Food & Water Watch Files Legal Challenge to Factory Farm Biogas Facility in Georgetown

Appellants argue CleanBay Renewables’ conditional use permit is null and void


Food System

For Immediate Release

Today, Food & Water Watch, alongside and on behalf of local residents, filed a legal challenge to a recent zoning decision in Sussex County, regarding CleanBay Renewables’ planned factory farm biogas facility in Georgetown. The appellants argue that the  Sussex County Planning & Zoning Commission’s decision to sustain the company’s conditional use permit, which gives CleanBay permission to build its heavy industrial facility in an agricultural and residential area, was made unlawfully. Specifically, appellants allege that the Commission not only exceeded its authority by making the decision in the first place, but it also acted without proof of “substantially underway” construction as defined in Sussex County Code.

Appellants are asking the Sussex County Board of Adjustment to reverse the Commission’s decision and declare the company’s permit null and void. The CleanBay Renewables project is one of two factory farm biogas facilities vying for environmental permits in Delaware, along with the nearby Bioenergy Devco facility proposed near Seaford. These factory farm biogas projects are part of a growing trend in agribusiness companies’ exploitation of clean energy mandates, while not actually reducing emissions or agricultural pollution. Given the public health, safety and environmental threats of factory farm biogas, a voided permit would be a victory for nearby residents, who staunchly opposed the facility when it was first proposed in 2018.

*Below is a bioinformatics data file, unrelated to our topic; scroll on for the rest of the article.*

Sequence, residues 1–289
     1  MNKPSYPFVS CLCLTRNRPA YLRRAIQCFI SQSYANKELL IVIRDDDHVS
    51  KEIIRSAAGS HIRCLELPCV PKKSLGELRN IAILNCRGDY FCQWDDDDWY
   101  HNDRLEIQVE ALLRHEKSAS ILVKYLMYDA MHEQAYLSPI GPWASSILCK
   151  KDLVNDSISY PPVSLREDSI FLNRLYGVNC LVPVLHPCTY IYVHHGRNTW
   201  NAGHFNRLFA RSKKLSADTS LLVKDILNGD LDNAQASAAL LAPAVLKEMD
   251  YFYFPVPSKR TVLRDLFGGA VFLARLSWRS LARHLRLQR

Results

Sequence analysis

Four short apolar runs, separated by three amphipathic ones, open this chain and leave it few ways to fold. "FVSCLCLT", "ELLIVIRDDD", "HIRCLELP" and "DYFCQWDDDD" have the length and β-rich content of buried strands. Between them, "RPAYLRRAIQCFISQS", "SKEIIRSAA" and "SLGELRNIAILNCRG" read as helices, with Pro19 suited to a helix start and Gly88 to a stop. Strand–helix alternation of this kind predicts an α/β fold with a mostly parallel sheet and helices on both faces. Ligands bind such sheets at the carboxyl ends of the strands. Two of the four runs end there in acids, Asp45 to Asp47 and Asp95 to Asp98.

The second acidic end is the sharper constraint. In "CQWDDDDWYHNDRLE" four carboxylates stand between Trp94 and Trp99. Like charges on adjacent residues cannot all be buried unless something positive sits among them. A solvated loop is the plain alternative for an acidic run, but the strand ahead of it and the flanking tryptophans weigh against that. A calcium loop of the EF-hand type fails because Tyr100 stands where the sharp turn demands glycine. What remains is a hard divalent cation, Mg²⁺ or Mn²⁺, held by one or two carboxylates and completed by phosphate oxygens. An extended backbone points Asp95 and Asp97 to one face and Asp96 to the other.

With the filing, Food & Water Watch Delaware Organizer Greg Layton issued the following statement:

“Factory farm biogas has no place in our communities. We already bear the brunt of agricultural pollution from factory farms taking over our rural areas. Factory farm biogas operations like CleanBay’s will only further pollute our air, our water and make dangerous truck traffic the norm on our roads. Stopping factory farm biogas from taking root in our region begins by holding our local government accountable to the people — not industry. The Sussex County Planning & Zoning Commission noted that this company did not do what they needed to do to maintain their conditional use permit and chose to look the other way. The Board must reverse their unlawful decision and declare CleanBay Renewables’ permit null and void.”

Contact: Phoebe Galt, [email protected]